Responding to the US Army Air Forces’ requirement for a strategic bomber with intercontinental range, Consolidated Vultee (later Convair) designed the B-36 during World War II. The airplane made its maiden flight in August 1946, and in June 1948 the Strategic Air Command received its first operational B-36.
As explained by Peter E. Davies in his book B-36 ‘Peacemaker’ Units of the Cold War, after initial manufacturer’s trials, the next stage of testing took place at Wright Field under the auspices of the USAF, established in September 1947. In June 1948, the XB-36 briefly became a training aid for SAC, which was expecting its first production B-36A for the 7th Bombardment Group (BG). Subsequently returned to Fort Worth, the aircraft was tested with another purely experimental landing gear arrangement in 1950.
The Dowty Equipment Corporation, using an idea from tank suspension designer J Walter Christie, developed a track-type landing gear that used pairs of belts running around sets of roller and idler wheels, like a small tank. They were intended to reduce the pressure of the undercarriage on a runway and enable large aircraft to use unimproved airfields.
Dowty’s version, with inflated belts, had been successfully tested in an A-20C bomber in 1943, although it weighed three times as much as conventional landing gear. Firestone-built variants were tested in a P-40 fighter and a C-82A transport aircraft, showing that the gear worked well on snow and soft terrain, but not on sand. The B-50A, which entered service four months before the B-36A, was also scheduled to have tracked gear, and in November 1947 the B-36 was proposed as a recipient, although no practical use was foreseen apart from when the aircraft flew from Arctic staging bases.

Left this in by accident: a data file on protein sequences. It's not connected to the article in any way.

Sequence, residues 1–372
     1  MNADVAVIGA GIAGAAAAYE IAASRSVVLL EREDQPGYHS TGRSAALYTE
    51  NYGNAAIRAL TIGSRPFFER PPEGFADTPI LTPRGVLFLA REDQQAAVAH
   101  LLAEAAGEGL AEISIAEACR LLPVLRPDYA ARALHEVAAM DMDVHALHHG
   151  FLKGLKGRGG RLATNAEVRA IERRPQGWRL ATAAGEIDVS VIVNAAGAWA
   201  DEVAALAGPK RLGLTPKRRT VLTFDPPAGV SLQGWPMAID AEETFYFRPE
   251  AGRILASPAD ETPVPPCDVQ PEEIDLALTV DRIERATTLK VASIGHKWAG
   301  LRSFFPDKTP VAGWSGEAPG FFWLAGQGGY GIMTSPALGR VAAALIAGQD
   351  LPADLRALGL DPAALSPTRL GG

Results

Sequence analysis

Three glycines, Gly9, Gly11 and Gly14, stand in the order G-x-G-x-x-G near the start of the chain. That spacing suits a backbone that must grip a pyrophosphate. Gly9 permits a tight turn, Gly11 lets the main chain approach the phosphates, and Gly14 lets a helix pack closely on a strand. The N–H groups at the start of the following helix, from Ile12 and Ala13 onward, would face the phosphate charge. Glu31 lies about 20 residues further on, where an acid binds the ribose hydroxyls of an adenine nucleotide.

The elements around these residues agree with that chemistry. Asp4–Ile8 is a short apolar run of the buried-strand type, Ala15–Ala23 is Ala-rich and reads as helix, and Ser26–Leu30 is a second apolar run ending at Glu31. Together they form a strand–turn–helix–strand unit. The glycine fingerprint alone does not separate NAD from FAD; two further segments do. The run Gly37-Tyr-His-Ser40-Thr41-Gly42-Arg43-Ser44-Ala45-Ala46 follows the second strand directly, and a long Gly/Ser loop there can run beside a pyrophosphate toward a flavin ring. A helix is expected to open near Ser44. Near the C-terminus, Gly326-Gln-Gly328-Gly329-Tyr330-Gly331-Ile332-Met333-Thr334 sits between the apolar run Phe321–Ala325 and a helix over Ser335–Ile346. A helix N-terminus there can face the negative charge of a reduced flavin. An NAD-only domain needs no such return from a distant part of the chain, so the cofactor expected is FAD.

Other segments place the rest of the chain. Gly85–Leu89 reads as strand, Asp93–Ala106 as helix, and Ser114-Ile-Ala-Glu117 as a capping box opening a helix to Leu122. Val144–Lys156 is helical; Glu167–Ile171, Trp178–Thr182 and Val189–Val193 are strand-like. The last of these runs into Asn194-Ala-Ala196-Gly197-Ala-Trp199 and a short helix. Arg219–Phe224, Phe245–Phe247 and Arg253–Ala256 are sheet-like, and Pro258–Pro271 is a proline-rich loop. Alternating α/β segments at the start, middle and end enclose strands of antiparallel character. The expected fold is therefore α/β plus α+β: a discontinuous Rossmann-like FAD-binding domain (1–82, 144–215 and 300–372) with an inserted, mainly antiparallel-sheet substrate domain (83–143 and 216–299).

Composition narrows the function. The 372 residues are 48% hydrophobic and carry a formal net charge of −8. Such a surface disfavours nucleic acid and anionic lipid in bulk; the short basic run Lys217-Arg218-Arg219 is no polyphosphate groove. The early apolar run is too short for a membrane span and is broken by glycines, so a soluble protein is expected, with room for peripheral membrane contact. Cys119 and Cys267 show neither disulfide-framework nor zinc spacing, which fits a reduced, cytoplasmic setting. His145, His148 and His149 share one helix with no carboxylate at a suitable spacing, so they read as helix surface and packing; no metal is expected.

The XB-36 was chosen for the experimental installation, mainly to test the application of tracked gear across a range of heavy aircraft, including the heaviest. The three complex units, made by the Cleveland Pneumatic Tool Company and the Goodyear Tire and Rubber Company, increased the 16,000-lb weight of the existing landing gear by at least 5000 lbs, but reduced the pressure on the runway from 156 lbs per square inch to just 57 lbs.
Brief taxi tests of the ‘roller skates’ began on Mar. 26, 1950, but crew members were unnerved by the hideous, high-pitched screeching and vibration associated with the tracks.
By Jan. 30, 1952 the XB-36’s brief career as a test bed had come to an end after 30 flights and the aircraft was grounded at Fort Worth, where it was destroyed on the fire dump. The prototype had helped to overcome many of the objections to serial production of the aircraft, clearing the way for the next in the series of what Gen LeMay regarded as his ‘interim bombers’. In that context, the B-36 followed the B-29 as a relatively short-term project pending the arrival of the jet-powered B-47 and B-52.
B-36 ‘Peacemaker’ Units of the Cold War is published by Osprey Publishing and is available to order here.
Photo credit: U.S. Air Force
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